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ERIC Number: ED590976
Record Type: Non-Journal
Publication Date: 2018
Pages: 230
Abstractor: As Provided
ISBN: 978-0-4385-7610-0
ISSN: EISSN-
Activism and Identity: How Asian American College Students Define Contemporary Activism for Social Justice
Manzano, Lester J.
ProQuest LLC, Ph.D. Dissertation, Loyola University Chicago
Since the height of student activism in the 1960s, little research has explored how college students conceptualize and define activism for social justice. In addition, the extant literature on student activism has been limited in its treatment of marginalized communities, including Asian American students. Given an increase in students' self-reporting that they expect to engage in student activism while in college (Eagan et al., 2016), students' engagement in conventional forms of activism may be on the rise, but how contemporary activism is defined needs to be examined from the perspective of student activists themselves. Thus, contemporary notions of student activism may have implications for higher-education practice. Furthermore, in light of the perception that Asian American students generally do not engage with contemporary social justice activism, despite examples that evidence the contrary, exploring Asian American students' engagement with social justice activism is critical. The purpose of this qualitative study was to understand how self-identified Asian American college-student activists understand and define activism in terms of both awareness of social justice issues as well as actions and behaviors. This study utilized multiple semi-structured individual interviews with nine Asian American college students enrolled in colleges and universities across the U.S., including four-year public and private institutions. Data were interpreted through thematic analysis. Findings illustrate the influence of family histories and contexts; academic and cocurricular experiences; peer influences; and student-affairs and faculty mentors on participants' awareness of and engagement in social justice activism. In addition, Asian American identity informed participants' targets of activism, whether related to Asian American concerns or to broader social justice issues. Finally, findings demonstrate how Asian American students defined contemporary activism beyond traditional forms of action to include actions to educate oneself, one's community, and others while being rooted in critical reflection and awareness of systems of oppression, their own social locations, and broader social justice concerns. [The dissertation citations contained here are published with the permission of ProQuest LLC. Further reproduction is prohibited without permission. Copies of dissertations may be obtained by Telephone (800) 1-800-521-0600. Web page: http://www.proquest.com/en-US/products/dissertations/individuals.shtml.]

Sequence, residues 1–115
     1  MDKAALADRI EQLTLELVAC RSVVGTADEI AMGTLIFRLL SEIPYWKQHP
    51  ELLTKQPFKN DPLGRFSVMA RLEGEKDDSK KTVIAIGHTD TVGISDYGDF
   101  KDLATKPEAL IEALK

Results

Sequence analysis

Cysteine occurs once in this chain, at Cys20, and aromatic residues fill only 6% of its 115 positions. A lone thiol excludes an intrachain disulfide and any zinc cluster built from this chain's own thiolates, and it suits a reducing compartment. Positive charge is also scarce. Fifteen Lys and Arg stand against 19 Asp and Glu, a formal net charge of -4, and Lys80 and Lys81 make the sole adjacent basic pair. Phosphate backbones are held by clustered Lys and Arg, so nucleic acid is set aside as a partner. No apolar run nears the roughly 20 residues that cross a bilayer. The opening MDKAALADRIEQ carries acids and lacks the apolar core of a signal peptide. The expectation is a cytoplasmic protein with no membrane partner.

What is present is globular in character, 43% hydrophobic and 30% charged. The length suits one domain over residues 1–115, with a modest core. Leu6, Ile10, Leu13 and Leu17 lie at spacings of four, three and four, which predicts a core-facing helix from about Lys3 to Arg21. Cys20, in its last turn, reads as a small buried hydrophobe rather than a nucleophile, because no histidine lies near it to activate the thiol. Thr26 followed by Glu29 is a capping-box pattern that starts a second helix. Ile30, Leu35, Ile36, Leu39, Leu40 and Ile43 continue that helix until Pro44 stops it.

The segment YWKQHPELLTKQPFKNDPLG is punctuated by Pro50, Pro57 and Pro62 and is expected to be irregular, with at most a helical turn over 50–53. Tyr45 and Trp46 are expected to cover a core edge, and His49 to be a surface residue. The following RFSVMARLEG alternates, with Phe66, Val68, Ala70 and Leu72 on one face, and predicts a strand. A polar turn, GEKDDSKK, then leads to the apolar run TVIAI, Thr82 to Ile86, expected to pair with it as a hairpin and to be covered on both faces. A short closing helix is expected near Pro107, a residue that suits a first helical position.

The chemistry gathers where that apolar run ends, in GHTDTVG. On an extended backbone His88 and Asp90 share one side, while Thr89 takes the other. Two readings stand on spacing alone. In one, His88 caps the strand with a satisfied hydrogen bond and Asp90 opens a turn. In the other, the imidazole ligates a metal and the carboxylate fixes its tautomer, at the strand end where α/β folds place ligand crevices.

ProQuest LLC. 789 East Eisenhower Parkway, P.O. Box 1346, Ann Arbor, MI 48106. Tel: 800-521-0600; Web site: http://www.proquest.com/en-US/products/dissertations/individuals.shtml
Publication Type: Dissertations/Theses - Doctoral Dissertations
Education Level: Higher Education; Postsecondary Education
Audience: N/A
Language: English
Sponsor: N/A
Authoring Institution: N/A